So here is our turret unboxed. It’s a fairly simple 3 function device consisting of up – down, left – Right, and fire – fired. so step one is to use a slightly maniacal laughter at the little foam “missiles” knowing what type of firepower this would be capable of when you’re done.
So step one of disassembly is to remove the bottom plate from the USB missile turret. There are 3 screws under the rubber feet that will allow you to gain access to its wire stroon innards. Once you have the unit open you will have to remove the motor module to expose the 3 screws in the large white gear holding the upper section to the lower.
With the screws to the white gear removed you will have to remove the screws holding on the second motor module to the upper turret module to gain access to the screws holding the launcher in place.
With the second motor module removed you can clearly see the 4 screws holding the launcher section to the upper portion of the turret.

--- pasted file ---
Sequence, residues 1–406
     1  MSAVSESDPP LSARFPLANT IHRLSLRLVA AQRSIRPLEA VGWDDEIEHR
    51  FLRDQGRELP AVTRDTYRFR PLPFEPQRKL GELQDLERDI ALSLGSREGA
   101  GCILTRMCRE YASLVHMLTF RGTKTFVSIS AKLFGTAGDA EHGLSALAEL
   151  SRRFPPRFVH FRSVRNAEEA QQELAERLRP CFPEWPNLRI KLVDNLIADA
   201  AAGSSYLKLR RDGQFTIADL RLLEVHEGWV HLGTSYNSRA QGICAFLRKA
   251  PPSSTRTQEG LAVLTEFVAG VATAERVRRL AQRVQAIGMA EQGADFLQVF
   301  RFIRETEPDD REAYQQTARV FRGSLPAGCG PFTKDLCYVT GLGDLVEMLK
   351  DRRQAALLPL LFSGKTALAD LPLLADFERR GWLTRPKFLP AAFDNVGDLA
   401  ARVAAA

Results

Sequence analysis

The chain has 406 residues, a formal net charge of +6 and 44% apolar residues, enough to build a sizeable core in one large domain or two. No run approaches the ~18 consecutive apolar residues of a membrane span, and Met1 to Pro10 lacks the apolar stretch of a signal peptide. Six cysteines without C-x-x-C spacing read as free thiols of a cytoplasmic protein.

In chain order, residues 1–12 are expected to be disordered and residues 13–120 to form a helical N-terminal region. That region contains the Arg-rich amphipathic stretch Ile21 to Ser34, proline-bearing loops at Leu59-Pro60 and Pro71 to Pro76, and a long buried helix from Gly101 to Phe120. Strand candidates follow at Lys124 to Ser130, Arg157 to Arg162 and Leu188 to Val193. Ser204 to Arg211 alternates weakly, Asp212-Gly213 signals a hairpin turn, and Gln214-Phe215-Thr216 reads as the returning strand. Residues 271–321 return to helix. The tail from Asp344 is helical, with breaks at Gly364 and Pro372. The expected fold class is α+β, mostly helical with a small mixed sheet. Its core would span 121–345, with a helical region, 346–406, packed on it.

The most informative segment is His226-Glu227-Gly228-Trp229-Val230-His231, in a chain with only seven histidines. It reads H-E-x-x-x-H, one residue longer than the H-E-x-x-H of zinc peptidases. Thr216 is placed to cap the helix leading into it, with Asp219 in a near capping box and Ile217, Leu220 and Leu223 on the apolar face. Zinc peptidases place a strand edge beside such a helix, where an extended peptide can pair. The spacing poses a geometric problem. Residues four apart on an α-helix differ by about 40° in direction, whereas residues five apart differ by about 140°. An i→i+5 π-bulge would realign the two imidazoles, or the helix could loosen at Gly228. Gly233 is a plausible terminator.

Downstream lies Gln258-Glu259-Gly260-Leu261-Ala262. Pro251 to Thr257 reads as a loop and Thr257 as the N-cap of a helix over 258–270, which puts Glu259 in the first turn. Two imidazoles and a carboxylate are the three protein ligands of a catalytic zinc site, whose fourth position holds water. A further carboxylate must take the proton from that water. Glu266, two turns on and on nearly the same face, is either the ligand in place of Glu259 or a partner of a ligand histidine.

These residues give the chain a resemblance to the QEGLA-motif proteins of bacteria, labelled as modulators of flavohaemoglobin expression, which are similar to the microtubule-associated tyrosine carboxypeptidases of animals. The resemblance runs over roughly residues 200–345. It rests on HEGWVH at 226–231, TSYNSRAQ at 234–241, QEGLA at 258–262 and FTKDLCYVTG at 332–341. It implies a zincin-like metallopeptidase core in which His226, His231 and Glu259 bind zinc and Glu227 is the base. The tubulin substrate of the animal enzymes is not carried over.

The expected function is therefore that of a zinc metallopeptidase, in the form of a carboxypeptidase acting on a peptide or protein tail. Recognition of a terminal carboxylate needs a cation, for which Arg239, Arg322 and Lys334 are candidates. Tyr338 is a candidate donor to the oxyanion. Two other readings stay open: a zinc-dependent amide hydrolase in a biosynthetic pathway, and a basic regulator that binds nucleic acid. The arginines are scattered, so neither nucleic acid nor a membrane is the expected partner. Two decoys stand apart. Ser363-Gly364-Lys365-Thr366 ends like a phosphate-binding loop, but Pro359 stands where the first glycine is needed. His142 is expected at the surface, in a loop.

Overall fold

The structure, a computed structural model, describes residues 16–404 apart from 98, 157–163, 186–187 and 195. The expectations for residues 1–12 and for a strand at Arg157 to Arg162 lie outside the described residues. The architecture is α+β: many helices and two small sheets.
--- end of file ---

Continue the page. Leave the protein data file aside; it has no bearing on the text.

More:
With the 4 screws removed you will have 2 mounting plates fall aside and the upper launcher will come loose. Don’t loose or misplace those 2 small mounting plates! Once you have freed the launcher cut the wires in the middle of their length so you can reattach them later. And set the turret base aside.
Next step is to remove the 2 screws in the back of the launcher to expose the motor for firing control and the wire leading to the sensor for firing.
Next up is to remove the 4 outer screws from the back plate to remove the internal mechanics of the launcher. The innards are under tension of 3 rather robust springs so when you pull the last screw out it will very likely self disassemble all over your work bench for you.
Next we will strip this all down a little more… pulling the spring retention clip off the front of the motor module as well as the firing sensor. Sets the sensor aside this will be vitally important for later steps. this project will not work without it.